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Phase 2 study using oral thalidomide-cyclophosphamide-prednisone for idiopathic Multicentric Castleman disease

Lu Zhang, Ai-lin Zhao, Ming-hui Duan, Zhi-yuan Li, Xin-xin Cao, Jun Feng, Dao-bin Zhou, Ding-rong Zhong, David C. Fajgenbaum and Jian Li

Key points

  • Thalidomide-cyclophosphamide-prednisone regimen showed promising efficacy and safety to treat newly diagnosed iMCD.

  • Though more research is needed, the TCP regimen is an important treatment option, particularly when siltuximab is not available.

Abstract

Idiopathic multicentric Castleman disease (iMCD) is a rare lymphoproliferative disorder. The anti-interleukin(IL)-6 therapy siltuximab is not available everywhere, and is not effective for over half of patients. Alternative treatment approaches are urgently needed. In the first iMCD clinical trial directed against a target other than IL-6 signaling, we investigated thalidomide-cyclophosphamide -prednisone (TCP) regimen in newly diagnosed iMCD patients. This single-center, single-arm, phase 2 study enrolled 25 newly diagnosed iMCD patients between June 2015 and June 2018 (registered on ClinicalTrials.gov: NCT03043105). The TCP regimen (thalidomide 100mg daily for 2 years; oral cyclophosphamide 300mg/m2 weekly for 1 year; prednisone 1mg/kg twice a week for 1 year) was administered for 2 years or until treatment failure. The primary endpoint was durable tumor and symptomatic response for at least 24 weeks. 12 (48%) patients achieved the primary endpoint with no relapse; 3 (12%) patients demonstrated stable disease; and 10 (40%) patients were evaluated as treatment failure. Even when considering all patients, there were significant (P< .05) improvements in median symptom score, IL-6 level, hemoglobin, ESR, albumin, and IgG. Among responders, the median levels of all evaluated parameters significantly improved after treatment to the normal range. The regimen was well tolerated. One patient died from pulmonary infection and one patient had a Grade 3 adverse event (rash); two patients died following disease progression. The estimated 1-year progression-free survival and overall survival was 60% and 88%, respectively. The TCP regimen is an effective and safe treatment for newly diagnosed iMCD patients, particularly when siltuximab is unavailable.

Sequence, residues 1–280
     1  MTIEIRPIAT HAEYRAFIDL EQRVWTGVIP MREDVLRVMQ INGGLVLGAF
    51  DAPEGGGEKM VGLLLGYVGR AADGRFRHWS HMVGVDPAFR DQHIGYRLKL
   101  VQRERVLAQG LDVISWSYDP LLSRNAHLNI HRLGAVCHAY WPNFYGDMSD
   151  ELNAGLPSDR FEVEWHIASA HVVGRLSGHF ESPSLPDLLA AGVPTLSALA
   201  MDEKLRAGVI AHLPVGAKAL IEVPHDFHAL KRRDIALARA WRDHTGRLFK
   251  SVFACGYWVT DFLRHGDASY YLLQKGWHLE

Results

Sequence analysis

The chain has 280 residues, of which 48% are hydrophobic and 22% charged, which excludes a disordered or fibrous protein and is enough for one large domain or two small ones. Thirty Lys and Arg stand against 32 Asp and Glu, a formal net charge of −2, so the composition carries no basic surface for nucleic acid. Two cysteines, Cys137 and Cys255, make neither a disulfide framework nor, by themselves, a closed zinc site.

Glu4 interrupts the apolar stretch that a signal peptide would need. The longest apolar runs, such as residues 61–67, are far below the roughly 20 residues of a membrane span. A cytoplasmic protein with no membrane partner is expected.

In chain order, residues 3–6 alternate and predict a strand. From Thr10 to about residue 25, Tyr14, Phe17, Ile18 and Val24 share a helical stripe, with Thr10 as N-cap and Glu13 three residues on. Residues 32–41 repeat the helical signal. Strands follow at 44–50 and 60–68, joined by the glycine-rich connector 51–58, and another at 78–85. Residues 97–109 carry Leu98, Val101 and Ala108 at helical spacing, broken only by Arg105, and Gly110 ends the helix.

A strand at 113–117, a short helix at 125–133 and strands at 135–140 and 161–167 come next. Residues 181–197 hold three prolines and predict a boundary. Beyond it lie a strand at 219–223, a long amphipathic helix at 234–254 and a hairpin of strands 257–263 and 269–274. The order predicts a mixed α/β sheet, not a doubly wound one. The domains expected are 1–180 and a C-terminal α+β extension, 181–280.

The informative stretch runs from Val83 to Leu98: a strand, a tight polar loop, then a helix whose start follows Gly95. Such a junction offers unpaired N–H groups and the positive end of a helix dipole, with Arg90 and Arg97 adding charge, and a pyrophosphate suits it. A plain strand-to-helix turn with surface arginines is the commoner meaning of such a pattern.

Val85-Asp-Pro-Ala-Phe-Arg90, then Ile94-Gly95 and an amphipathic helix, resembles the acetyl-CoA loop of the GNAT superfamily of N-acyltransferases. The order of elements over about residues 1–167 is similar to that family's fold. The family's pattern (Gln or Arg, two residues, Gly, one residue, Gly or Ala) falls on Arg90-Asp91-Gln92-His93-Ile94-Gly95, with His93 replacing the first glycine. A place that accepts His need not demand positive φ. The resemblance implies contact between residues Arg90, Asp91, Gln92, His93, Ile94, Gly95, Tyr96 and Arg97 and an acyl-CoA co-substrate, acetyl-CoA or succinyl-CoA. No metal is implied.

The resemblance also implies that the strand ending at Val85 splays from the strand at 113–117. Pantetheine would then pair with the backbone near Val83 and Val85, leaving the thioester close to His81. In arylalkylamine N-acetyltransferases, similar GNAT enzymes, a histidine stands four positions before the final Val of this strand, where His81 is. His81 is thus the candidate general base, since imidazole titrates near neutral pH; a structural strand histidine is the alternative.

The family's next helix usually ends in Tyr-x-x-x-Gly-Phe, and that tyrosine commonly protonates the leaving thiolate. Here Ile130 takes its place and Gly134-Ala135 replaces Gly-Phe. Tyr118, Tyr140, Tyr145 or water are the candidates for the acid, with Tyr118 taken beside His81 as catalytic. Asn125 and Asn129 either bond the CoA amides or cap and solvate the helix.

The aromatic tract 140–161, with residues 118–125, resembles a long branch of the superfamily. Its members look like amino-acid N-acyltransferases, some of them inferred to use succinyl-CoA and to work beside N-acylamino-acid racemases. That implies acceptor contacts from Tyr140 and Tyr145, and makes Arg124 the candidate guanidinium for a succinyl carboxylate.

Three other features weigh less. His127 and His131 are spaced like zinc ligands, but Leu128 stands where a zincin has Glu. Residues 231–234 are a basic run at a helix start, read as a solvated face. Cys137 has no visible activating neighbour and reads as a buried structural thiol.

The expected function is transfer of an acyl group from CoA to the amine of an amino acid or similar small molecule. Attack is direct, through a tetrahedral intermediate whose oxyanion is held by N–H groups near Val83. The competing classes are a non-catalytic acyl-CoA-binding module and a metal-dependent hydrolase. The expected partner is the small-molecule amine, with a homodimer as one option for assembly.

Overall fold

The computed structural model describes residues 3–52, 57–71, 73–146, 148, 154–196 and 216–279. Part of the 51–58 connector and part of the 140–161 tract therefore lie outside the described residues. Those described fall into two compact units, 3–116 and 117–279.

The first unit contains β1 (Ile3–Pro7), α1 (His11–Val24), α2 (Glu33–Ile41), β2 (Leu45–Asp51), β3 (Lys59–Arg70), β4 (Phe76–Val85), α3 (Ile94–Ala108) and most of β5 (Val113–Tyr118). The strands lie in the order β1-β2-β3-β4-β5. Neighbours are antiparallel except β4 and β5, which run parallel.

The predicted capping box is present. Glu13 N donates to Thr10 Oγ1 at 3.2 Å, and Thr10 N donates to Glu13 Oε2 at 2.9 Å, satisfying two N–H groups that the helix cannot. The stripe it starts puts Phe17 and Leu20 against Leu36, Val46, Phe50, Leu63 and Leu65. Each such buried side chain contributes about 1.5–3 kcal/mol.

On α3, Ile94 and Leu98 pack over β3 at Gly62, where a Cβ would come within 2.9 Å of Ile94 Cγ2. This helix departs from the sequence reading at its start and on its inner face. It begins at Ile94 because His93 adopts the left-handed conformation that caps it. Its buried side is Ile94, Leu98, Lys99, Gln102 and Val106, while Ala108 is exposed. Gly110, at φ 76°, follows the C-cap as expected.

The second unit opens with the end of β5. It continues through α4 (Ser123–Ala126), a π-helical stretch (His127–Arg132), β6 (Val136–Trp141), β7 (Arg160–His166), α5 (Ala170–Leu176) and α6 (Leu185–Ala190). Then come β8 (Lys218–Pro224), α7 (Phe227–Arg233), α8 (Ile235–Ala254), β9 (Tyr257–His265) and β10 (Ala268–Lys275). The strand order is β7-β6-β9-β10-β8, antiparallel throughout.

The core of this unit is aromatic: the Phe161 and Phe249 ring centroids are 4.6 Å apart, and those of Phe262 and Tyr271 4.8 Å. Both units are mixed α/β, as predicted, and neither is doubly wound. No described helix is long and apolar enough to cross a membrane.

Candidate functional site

• Submitted November 6, 2018.
  • Accepted February 1, 2019.